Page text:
Philadelphia, PA (SportsNetwork.com) - Digesting the results of last week's Breeders' Cup races as they pertain to Horse of the Year and other division championships are both easy and difficult at the same time.
The easy part is that last year's Horse of the Year Wise Dan won his second straight Mile and assured himself of repeating all three Eclipse Awards he garnered for 2012. The 6-year-old gelding's connections, owner Morton Fink and trainer Charles LoPresti, will again walk away from January's awards ceremony with Horse of the Year, Older Male and Male Turf honors.
The difficult part is knowing that a great thoroughbred as Game On Dude will again fail to receive any year-end honors and for some reason can't put it together on his home track in the Classic. The gelding was seventh as the 13-10 favorite last year, and Saturday night he went off as the 17-10 top pick only to fold down the stretch and finish ninth.
Classic winner Mucho Macho Man also will be denied an Eclipse Award as Wise Dan sweeps three categories.
The Classic also put the 3-year-old division in clearer terms ... or not. Finishing second by a nose in the 1 1/4-mile stakes was Will Take Charge.
"It broke my heart," Hall of Fame trainer D. Wayne Lukas said. "I just stood there and said, 'How could he get that close and not win it?'"
Will Take Charge was coming into the Breeders' Cup off consecutive wins in the Travers and the Pennsylvania Derby. The only Triple Crown race winner to run in the Classic was Belmont Stakes champ Palace Malice, who finished sixth behind Mucho Macho Man. Both 3-year-olds went off at 8-1 in the 11-horse field.
"Palace Malice cost us the race. He bore us out real bad, bumped us and pushed us way out on the turn and we had to recover from that," Lukas noted.
His late season push may have put Will Take Charge in position to receive the Eclipse Award as 3-year-old champion.
"Most people I've talked to in the press think he's champion (3-year-old male). If he wins the Clark, it would probably put the icing on the cake," Lukas said in revealing his colt may run in the Clark Handicap at Churchill Downs on Nov. 29.
The Distaff should not have changed any thinking about Older Female champion. Royal Delta, winner of the race the previous two years, finished fourth on Friday behind 3-year-old Beholder, while leading 3-year-old filly Princess of Sylmar finished last in the six-horse field.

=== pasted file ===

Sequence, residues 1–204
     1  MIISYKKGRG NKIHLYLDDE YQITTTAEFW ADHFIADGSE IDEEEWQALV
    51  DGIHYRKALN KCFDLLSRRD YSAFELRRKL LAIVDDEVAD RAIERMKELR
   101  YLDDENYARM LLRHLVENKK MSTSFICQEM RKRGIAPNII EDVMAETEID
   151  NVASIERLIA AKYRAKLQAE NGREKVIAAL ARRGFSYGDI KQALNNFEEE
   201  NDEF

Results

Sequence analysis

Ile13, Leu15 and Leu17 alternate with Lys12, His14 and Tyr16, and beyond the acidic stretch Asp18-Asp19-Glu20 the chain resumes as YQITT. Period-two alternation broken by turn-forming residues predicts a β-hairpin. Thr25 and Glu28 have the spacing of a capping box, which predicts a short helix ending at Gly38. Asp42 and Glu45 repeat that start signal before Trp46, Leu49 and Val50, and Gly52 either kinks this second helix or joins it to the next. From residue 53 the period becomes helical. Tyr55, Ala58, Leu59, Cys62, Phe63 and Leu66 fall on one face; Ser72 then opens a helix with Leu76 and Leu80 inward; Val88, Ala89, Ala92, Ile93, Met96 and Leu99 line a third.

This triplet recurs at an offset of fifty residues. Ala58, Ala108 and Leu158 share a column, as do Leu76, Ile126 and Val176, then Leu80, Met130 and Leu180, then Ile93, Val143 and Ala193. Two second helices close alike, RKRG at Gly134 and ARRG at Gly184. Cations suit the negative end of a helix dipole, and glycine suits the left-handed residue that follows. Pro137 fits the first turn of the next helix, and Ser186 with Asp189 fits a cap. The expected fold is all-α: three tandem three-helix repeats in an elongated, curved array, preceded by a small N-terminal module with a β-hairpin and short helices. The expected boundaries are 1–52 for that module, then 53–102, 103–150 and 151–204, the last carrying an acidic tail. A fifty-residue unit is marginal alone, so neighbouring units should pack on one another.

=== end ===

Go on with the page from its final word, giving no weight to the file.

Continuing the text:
Royal Delta, 2012 champion 3-year-old filly, is entitled to win a second straight Eclipse Award as top Older Female. The question is, who wins the crown as champion 3-year-old filly?
Princess of Sylmar was the clear favorite for division honors coming into the Distaff as Beholder, last year's champion 2-year-old, was mostly racing in California. The two fillies met previously in the Kentucky Oaks where Princess of Sylmar defeated Beholder by a half-length.
Princess of Sylmar deserves the Eclipse Award based on her outstanding season, including defeating Royal Delta in the Beldame.
Repeating as champion Female Sprinter will be Groupie Doll, who won her second straight Breeders' Cup Filly & Mare Sprint. That will again deny 5-year-old mare Mizdirection from receiving an Eclipse Award after winning her second consecutive Turf Sprint versus males.
"She was gorgeous," new owner Mandy Pope said about Groupie Doll. "Obviously, she won $2.4 million; she's a champion - maybe a champion two years in a row. She's elegant. She was calm and cool."
Can two starts in a calendar year qualify a horse for an Eclipse Award? That's the question surrounding Secret Circle, who won the Breeders' Cup Sprint in only his second race of 2013.
Lack of starts also holds true for European horses who make one start in North America and win a Breeders' Cup race.
The Eclipse Awards for outstanding 2-year-olds traditionally go to the winners of the Breeders' Cup Juvenile and Juvenile Fillies.
New Year's Day won the Juvenile at 10-1 over favored Havana. Ria Antonia, a 32-1 longshot, was declared the Juvenile Fillies winner over disqualified She's A Tiger.
End-of-year honors are so easy to determine, aren't they?